Brain Pickings

Posts Tagged ‘animation’

10 DECEMBER, 2009

Moving Minimalism: Solitary Confinement

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What Iraqi oil and Swiss filmmaking have to do with the nature of creativity.

From May 1980 to May 1990, nuclear scientist Hussain Al-Shahristani — Iraq’s current oil minister — was thrown in solitary confinement and subjected to torture. Last month, in a revelational and deeply personal interview, Al-Shahristani spoke to The BBC about the experience.

Inspired by the moving story, Swiss filmmaker and animator Mato Atom created a brilliant new campaign for BBC World Service, capturing in abstract form and minimal narration the devastating reality of solitary confinement.

Produced in collaboration with Fallon London, the animation stirs the deepest corners of intuitive understanding and empathy with its subtle yet powerful imagery. What makes the piece so rich, we think, is that Atom turned to disciplines beyond the arts for inspiration — from philosophy to science — embodying the very cross-pollination of ideas that we preach so zealously around here.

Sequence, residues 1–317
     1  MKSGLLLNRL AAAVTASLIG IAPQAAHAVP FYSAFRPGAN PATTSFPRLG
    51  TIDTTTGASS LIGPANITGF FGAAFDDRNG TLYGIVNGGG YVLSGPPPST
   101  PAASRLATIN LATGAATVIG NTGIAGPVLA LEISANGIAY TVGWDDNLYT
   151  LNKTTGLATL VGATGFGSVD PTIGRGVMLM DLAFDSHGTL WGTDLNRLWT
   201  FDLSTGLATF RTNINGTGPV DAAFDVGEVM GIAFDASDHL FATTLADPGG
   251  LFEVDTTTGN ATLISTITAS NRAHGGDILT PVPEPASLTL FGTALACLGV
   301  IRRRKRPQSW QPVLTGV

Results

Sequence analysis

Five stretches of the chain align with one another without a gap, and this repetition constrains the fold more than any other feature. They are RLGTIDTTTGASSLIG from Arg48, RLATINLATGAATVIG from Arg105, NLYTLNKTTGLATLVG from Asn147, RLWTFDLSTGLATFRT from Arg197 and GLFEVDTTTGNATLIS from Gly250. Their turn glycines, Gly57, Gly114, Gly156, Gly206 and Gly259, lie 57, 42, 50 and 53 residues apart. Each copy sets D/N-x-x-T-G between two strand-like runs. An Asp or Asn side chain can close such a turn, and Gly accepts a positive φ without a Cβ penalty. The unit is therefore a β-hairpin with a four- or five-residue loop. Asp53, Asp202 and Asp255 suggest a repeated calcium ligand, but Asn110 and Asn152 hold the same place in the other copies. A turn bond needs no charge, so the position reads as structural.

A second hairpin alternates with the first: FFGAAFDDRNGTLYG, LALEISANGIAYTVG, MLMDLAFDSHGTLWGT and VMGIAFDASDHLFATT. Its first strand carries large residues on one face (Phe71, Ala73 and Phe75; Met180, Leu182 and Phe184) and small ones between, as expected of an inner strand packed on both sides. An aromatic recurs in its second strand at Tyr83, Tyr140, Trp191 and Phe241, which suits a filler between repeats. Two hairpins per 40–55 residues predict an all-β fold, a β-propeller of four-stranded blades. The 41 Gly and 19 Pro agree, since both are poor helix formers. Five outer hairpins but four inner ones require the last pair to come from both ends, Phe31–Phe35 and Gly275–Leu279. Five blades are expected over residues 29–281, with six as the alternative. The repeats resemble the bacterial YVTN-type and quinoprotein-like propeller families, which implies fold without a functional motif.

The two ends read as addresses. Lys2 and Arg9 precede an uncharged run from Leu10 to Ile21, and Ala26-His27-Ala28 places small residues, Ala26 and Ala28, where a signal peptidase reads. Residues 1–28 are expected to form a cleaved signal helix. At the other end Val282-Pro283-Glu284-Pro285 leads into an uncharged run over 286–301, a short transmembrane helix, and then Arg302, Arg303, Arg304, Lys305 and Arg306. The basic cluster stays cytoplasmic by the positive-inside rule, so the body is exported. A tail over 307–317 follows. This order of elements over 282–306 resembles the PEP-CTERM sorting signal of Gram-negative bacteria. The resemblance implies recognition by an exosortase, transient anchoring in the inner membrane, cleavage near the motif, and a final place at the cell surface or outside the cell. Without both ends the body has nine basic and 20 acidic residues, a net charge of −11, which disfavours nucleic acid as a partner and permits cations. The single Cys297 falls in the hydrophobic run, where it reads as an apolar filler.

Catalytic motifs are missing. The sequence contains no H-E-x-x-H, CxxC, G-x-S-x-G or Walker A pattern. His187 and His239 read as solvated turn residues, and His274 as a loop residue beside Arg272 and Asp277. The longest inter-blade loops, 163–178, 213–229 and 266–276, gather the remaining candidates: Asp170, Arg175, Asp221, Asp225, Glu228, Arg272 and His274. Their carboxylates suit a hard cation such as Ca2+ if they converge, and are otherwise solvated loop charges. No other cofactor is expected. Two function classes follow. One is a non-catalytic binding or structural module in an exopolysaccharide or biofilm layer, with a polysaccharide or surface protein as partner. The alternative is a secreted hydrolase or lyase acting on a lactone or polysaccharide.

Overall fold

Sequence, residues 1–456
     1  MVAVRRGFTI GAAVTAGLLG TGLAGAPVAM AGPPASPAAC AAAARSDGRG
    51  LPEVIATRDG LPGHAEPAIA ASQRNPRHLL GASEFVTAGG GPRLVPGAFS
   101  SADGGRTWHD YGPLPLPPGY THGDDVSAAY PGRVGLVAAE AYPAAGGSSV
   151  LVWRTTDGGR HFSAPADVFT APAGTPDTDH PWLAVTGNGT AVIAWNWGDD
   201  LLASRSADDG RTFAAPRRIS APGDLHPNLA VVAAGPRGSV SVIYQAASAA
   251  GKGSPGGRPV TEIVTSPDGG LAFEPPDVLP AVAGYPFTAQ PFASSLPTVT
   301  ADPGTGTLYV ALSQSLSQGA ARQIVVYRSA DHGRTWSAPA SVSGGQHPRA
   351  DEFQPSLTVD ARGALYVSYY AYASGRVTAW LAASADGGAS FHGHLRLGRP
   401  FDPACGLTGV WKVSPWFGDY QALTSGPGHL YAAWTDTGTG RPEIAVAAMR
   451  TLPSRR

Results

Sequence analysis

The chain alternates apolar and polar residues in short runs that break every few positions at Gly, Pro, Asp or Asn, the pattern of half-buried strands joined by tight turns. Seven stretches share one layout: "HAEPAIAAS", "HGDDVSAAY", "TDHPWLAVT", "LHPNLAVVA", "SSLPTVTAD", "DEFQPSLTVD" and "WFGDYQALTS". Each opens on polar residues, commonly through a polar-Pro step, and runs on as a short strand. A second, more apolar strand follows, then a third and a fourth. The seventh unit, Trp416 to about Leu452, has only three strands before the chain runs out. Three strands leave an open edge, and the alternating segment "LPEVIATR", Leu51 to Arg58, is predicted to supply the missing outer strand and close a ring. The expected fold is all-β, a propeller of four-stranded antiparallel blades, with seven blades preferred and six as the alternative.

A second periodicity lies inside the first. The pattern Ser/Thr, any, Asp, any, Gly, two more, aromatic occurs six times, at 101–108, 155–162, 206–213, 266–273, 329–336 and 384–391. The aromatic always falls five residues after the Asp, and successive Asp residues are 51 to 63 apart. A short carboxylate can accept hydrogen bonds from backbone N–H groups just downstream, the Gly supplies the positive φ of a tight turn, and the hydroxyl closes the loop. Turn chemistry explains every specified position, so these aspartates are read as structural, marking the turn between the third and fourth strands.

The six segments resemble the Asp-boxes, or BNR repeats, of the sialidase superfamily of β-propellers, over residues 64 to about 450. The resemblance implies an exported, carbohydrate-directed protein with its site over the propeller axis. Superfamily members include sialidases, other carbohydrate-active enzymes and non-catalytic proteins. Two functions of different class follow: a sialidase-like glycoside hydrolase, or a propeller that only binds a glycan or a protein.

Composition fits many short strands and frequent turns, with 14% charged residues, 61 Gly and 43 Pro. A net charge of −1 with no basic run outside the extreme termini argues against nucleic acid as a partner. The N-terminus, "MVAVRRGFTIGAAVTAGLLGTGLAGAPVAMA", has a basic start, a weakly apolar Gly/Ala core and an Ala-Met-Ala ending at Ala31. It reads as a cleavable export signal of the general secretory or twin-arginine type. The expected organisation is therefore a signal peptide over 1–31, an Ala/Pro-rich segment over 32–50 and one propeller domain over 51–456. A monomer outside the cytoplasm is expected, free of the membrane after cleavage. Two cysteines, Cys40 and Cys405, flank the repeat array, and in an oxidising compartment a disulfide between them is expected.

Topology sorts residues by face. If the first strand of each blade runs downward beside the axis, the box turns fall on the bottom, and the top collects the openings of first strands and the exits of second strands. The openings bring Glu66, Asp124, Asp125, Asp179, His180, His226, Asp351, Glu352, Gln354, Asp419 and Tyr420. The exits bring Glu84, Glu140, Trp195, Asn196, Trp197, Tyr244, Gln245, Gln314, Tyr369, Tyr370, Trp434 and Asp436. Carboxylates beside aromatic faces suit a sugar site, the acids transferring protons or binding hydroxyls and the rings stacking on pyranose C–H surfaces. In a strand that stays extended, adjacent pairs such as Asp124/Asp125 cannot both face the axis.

A testament to the power of quietly making a powerful point through minimalism and meticulously thought out symbolic narrative.

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08 DECEMBER, 2009

The Interpretation

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Combining microbiology, minimalist music, and motion graphics, or how you can own original art for less than the price of a movie ticket.

The Interpretation still image No longer the sole domain of the leisured classes, art collecting is open to broad audiences like never before. Over the last few years, online marketplaces — like 20×200 and Supermarket — have made works on paper readily accessible.

Somehow, though, this great democratization of patronage seems to have skipped over digital art as a medium for popular purchase. We find this kind of amusing, given that new media creations are the consummate works of art for the age of digitized reproduction. It’s precisely creations made for screens that best lend themselves to mass duplication and distribution.